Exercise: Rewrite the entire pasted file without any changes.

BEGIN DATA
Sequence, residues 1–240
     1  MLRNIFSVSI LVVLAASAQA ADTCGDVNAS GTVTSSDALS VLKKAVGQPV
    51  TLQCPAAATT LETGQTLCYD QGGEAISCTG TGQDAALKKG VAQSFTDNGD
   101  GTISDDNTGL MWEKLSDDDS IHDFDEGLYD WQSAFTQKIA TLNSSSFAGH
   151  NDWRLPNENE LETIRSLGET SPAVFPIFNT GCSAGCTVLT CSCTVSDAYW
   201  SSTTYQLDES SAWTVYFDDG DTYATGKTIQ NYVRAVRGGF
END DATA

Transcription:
Sequence, residues 1–240
     1  MLRNIFSVSI LVVLAASAQA ADTCGDVNAS GTVTSSDALS VLKKAVGQPV
    51  TLQCPAAATT LETGQTLCYD QGGEAISCTG TGQDAALKKG VAQSFTDNGD
   101  GTISDDNTGL MWEKLSDDDS IHDFDEGLYD WQSAFTQKIA TLNSSSFAGH
   151  NDWRLPNENE LETIRSLGET SPAVFPIFNT GCSAGCTVLT CSCTVSDAYW
   201  SSTTYQLDES SAWTVYFDDG DTYATGKTIQ NYVRAVRGGF